If you bought a house in the last couple of years, or are in the process of buying one now, you may have wondered why there is so much paperwork involved in the mortgage-loan application. Nowadays it seems that the bank needs to know everything about us and requires three separate sources to validate each and every entry on the application form. Many buyers are being told by friends and family that the process was a hundred times easier when they bought their homes ten to twenty years ago.
Well, there are two very good reasons why the loan process is much more onerous on today’s buyer than perhaps in any time in history.
The government has set new guidelines that now demand that the bank prove beyond any doubt that you are indeed capable of affording the mortgage. During the run-up in the housing market, many people ‘qualified’ for mortgages that they could never pay back. This led to millions of families losing their homes. The government wants to make sure this won’t happen again. And, banks don’t want to be in the real estate business.
Over the last seven years, banks were forced to take on the responsibility of liquidating millions of foreclosures and also negotiating another million-plus short sales. Just like the government, they don’t want more foreclosures. For that reason, they need to double (maybe even triple) check everything on the applications.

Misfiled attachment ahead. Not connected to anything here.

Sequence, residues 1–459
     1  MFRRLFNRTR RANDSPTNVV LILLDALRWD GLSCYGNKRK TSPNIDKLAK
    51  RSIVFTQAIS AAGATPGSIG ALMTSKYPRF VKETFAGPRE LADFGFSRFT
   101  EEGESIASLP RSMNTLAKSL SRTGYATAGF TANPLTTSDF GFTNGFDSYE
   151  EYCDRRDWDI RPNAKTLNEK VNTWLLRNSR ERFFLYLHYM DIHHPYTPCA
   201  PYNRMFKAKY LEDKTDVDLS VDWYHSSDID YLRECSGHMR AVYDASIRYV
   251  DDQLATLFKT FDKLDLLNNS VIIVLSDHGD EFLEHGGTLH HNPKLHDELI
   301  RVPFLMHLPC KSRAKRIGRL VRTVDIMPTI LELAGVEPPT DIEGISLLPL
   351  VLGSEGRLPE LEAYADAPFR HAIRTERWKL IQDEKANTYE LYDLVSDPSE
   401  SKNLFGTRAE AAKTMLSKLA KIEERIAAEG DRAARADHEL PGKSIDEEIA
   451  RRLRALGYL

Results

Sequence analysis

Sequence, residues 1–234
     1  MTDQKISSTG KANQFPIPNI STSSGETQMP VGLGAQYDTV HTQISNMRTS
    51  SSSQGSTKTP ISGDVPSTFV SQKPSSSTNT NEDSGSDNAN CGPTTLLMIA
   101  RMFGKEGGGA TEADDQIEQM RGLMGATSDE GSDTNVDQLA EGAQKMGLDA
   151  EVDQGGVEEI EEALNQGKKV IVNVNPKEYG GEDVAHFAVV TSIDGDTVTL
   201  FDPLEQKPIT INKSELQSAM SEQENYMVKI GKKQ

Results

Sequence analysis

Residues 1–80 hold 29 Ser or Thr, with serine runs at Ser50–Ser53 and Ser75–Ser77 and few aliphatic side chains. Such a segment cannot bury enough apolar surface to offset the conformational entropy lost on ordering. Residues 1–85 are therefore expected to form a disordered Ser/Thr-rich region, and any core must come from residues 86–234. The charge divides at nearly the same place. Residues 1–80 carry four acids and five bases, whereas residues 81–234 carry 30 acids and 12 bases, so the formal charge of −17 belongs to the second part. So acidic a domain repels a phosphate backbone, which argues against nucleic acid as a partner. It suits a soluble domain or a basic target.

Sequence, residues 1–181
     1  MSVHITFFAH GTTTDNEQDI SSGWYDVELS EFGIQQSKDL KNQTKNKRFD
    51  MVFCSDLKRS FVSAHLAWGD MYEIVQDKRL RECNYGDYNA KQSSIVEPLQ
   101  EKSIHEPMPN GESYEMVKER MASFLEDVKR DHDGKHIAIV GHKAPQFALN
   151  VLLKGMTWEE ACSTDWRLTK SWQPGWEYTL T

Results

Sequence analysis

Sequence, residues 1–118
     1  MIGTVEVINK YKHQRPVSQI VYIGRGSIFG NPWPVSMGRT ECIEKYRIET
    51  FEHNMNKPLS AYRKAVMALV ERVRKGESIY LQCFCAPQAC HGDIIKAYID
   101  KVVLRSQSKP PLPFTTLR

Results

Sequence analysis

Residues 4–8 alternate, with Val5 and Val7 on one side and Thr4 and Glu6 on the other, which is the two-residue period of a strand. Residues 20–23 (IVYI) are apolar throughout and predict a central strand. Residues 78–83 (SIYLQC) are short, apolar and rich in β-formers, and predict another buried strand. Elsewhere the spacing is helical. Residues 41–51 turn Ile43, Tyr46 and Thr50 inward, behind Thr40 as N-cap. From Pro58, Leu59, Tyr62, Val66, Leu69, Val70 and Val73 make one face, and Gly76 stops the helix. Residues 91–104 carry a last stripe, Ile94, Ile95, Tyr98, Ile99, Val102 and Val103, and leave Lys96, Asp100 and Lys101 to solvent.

However, there is some good news to this situation. The housing crash that mandated that banks be extremely strict on paperwork requirements has allowed buyers to get mortgage interest rates that are below 5%.
The friends and family who bought homes ten or twenty years ago experienced a simpler mortgage application process, but they also paid a higher interest rate (the average 30-year fixed-rate mortgage was 8.12% in the 1990’s and 6.29% in the 2000’s). If you went to the bank and offered to pay 7% instead of <5%, they would probably bend over backwards to make the process easier.
Instead of concentrating on the additional paperwork required, we should all be thankful that we are able to buy a home at historically low rates.
[Source: Keeping Current Matters]